What Applebaum’s book makes clear is that for people like the Hungarian historian Maria Schmidt or National Review editor-at-large John O’Sullivan or the vocal Trump supporter Laura Ingraham, liberal principles were valued only because they were an effective instrument for destroying communism. When this goal was achieved, values like free media and the division of powers started to be viewed as a threat to Western civilization and traditional Christian values. The new prophets of illiberalism used all their talent to persuade their societies that the rights of others were a threat to their own rights and that the liberal system of checks and balances was not a way to preserve individuals’ freedoms but an instrument for elites to abuse the will of the people.
Applebaum is a very good writer; her style is lucid, and her arguments are bracing. This has made her one of the most powerful voices of the anti-populist resistance. But the strength of her new book is not so much in exposing the authoritarian nature of populists in power but in revealing the intellectual hollowness of the anti-communist consensus.
In his review of Jacob Heilbrunn’s history of neoconservatism They Knew They Were Right, the author and journalist Timothy Noah sharply observed: “To be neoconservative is to bear almost daily witness to the resurrection of Adolf Hitler.” In Applebaum’s much more liberal and optimistic version, to be neoconservative is to bear almost daily witness to the fall of the Berlin Wall. Applebaum’s political identity was made by her admiration for the moral courage of East European dissidents and her belief in the potential of the United States to make the world a better place.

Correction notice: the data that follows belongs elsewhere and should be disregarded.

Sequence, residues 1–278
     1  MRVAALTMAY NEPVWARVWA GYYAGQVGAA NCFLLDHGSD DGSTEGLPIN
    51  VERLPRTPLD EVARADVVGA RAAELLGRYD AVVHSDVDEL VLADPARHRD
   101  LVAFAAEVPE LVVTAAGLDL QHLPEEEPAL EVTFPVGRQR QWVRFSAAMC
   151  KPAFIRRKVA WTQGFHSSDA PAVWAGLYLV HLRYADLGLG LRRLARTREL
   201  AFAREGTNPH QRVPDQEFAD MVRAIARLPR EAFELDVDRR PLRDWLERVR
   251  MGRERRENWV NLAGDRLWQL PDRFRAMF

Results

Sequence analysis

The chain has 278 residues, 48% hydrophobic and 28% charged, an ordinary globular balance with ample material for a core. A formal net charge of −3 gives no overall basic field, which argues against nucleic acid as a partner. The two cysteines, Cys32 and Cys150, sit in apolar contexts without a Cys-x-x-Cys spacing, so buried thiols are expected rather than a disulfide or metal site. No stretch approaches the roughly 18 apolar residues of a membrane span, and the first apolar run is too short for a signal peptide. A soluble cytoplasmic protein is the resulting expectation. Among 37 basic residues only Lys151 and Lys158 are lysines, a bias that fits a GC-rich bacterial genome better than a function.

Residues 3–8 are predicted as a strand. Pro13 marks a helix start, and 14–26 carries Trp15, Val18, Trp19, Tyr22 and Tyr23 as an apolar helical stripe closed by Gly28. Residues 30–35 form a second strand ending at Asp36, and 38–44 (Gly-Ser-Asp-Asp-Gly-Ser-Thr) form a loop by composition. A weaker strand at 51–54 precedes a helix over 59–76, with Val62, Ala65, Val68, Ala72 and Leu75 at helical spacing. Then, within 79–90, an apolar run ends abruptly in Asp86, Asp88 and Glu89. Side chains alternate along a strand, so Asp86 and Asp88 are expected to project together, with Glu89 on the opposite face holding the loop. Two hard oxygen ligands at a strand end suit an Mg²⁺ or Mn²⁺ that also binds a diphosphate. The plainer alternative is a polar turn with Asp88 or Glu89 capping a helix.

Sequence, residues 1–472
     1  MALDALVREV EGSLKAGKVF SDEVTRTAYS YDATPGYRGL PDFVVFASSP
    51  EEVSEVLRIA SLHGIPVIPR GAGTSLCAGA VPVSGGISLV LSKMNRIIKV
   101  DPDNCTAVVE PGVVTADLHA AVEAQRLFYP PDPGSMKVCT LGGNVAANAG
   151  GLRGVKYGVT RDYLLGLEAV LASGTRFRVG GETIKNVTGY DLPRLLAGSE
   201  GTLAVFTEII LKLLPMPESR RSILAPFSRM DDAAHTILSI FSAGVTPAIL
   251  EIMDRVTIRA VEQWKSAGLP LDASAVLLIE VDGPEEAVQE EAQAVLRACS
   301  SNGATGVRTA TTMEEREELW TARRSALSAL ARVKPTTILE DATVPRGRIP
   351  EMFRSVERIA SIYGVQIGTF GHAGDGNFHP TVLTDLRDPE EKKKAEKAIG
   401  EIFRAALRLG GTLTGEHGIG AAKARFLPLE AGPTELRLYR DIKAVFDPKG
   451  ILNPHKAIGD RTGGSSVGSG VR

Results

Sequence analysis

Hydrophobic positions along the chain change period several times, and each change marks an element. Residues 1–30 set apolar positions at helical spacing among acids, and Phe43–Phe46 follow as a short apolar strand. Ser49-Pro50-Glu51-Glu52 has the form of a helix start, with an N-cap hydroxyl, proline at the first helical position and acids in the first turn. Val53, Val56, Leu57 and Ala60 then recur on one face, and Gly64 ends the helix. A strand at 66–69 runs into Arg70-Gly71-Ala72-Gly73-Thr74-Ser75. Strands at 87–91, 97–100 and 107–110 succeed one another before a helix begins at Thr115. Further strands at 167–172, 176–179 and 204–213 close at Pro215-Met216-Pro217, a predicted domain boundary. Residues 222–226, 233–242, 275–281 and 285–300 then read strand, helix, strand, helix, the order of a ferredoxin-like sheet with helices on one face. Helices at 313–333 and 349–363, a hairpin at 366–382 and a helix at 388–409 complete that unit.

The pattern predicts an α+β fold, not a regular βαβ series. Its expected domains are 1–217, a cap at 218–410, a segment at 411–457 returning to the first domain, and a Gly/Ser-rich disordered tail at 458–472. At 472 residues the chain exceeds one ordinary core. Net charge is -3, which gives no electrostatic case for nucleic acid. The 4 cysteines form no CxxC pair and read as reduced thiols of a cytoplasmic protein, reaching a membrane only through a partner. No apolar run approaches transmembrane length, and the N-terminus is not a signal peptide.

On Nov. 10, 1989, Applebaum, then a young reporter, jumped in a car in the company of her soon-to-be husband—future Polish Foreign and Defense Minister Radek Sikorski—and drove from Warsaw to Berlin to see with her own eyes the collapse of the Berlin Wall. 1989 was the point of departure of everything that Applebaum did in the following three decades. Her much-praised history books about the Soviet Gulag and the establishment of the communist regimes in Central Europe were her historical introduction to the inevitability of 1989. For her, the end of the Cold War was not a geopolitical story; it was a moral story, a verdict pronounced by history itself. She tends to see the post-Cold War world as an epic struggle between democracy and authoritarianism, between freedom and oppression.
In this sense, Applebaum is a classic ’89er; like many of us, she was shaped by the Cold War without ever really experiencing it. For the ’89ers, the Cold War was what the anti-fascist resistance was for the West’s student revolutionaries of the 1960s, the ’68ers—a time of inspiring heroism and moral clarity. In her worldview, the marriage between democracy and capitalism was made in heaven, and most of the conflicts in the world were not about a clash of interests but about a clash of values. It was this mindset that made many ’89ers first to detect the danger coming from Vladimir Putin’s Russia but also the last to condemn George W. Bush’s ugly war in Iraq.